When we hear about a heart attack, a vivid image comes to mind where the victim cries out in agony while they clutch their chest and left arm before collapsing to the ground. Did you know that, in many cases, a heart attack looks nothing like this? In fact, the victim of a heart attack often does not even know that they’re having one, especially in women.
One of the best ways for employers and corporate managers to meet their legal and moral obligations to their staff and employees is to provide first aid and CPR training. Cardiopulmonary resuscitation, also known as CPR, is a lifesaving procedure performed on cardiac arrest victims to revive their heart rhythm. Cardiac arrest can affect healthy … Read more
Did you know that performing Cardiopulmonary Resuscitation on a cardiac arrest victim can double or even triple their chance of survival? When a person goes into cardiac arrest, the heart stops beating. CPR keeps the blood and oxygen pumping to the body’s major organs until an Automated External Defibrillator (AED) or emergency medical staff can … Read more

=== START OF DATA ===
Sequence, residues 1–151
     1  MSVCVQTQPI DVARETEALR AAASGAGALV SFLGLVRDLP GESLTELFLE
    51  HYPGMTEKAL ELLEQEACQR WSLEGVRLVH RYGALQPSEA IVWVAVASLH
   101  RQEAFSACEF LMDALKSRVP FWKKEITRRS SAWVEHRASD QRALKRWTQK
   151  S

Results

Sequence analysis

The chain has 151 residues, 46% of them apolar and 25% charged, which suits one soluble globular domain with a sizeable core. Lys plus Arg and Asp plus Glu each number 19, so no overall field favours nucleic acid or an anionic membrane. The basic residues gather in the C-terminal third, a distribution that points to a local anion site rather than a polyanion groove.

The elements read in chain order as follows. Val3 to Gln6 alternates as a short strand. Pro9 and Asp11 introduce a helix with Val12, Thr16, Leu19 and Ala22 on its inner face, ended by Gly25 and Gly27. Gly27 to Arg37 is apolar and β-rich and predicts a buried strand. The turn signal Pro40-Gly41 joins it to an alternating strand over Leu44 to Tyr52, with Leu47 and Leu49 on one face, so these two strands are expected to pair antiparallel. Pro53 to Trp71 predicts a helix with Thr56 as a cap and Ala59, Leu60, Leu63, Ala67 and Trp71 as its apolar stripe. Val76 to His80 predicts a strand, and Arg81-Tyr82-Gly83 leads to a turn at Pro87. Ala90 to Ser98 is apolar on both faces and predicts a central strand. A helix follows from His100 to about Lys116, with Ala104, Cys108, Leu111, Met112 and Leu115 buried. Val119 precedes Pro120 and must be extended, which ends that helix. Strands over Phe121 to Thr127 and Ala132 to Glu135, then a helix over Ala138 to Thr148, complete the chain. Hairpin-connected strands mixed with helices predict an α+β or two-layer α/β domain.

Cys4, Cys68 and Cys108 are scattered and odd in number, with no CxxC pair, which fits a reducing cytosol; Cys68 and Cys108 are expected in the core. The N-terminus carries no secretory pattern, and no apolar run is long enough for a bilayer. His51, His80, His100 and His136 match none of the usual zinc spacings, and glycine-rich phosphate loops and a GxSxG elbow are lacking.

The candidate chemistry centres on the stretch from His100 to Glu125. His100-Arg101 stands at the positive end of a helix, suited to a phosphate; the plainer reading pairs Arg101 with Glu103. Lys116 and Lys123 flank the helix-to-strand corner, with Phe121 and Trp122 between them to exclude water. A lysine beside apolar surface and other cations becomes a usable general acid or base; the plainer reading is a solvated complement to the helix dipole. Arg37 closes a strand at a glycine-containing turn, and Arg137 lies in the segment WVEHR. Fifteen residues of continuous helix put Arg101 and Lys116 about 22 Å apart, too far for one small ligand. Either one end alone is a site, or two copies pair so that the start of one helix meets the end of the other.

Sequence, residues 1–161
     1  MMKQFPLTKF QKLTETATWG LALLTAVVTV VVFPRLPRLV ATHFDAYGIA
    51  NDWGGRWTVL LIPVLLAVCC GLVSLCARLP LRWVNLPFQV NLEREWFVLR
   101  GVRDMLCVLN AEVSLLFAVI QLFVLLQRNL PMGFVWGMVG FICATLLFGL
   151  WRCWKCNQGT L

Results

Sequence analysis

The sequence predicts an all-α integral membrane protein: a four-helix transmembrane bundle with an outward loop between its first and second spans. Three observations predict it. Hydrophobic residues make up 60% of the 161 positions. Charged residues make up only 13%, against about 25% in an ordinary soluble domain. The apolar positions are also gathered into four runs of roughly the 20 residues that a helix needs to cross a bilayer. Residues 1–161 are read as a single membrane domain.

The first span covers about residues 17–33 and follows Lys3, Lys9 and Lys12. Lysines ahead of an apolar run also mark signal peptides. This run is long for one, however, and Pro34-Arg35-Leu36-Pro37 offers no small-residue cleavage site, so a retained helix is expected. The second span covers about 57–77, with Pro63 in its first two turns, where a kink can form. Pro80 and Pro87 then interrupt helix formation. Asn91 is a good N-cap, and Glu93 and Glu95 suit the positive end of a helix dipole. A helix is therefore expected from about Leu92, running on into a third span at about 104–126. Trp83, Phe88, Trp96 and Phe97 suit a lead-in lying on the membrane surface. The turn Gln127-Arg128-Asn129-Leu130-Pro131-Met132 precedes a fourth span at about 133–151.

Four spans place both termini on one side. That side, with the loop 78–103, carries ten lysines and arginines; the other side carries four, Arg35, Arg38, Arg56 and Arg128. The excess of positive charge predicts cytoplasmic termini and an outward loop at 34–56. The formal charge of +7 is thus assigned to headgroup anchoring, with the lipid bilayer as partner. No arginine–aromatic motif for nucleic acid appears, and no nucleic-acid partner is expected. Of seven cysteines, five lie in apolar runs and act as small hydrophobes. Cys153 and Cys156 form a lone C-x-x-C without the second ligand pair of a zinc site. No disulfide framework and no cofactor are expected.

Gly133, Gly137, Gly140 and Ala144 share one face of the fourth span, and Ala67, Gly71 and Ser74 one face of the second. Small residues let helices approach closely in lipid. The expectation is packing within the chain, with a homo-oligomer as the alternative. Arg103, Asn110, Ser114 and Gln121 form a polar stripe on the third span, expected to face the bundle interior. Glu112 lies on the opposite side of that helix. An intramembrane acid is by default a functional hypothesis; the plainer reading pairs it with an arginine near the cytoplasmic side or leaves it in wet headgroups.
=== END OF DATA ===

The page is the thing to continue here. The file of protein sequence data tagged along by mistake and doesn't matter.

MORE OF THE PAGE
Bystander cardiopulmonary resuscitation (BCPR) has a significant impact on survival rates when performed on cardiac arrest patients outside of the hospital. To be the most effective, however, BCPR needs to be administered quickly and include the following events: immediately recognizing cardiac arrest, calling 911, performing CPR focused on chest compressions, and defibrillation with an automated external defibrillator (AED). CPR keeps blood flowing to the major organs of the body, including the brain, and using and AED will restart the heart. These procedures need to be performed immediately after the patient collapses because the chances of survival decrease rapidly with each minute that passes.
BCPR can double or triple a cardiac arrest patient’s survival rate, but unfortunately, most bystanders do not perform BCPR, even when they’ve been trained in the procedure. Less than half of out-of-hospital cardiac arrest (OHCA) patients receive BCRP. OHCA is the most common cause of death in the US and is among the most time sensitive medical emergencies.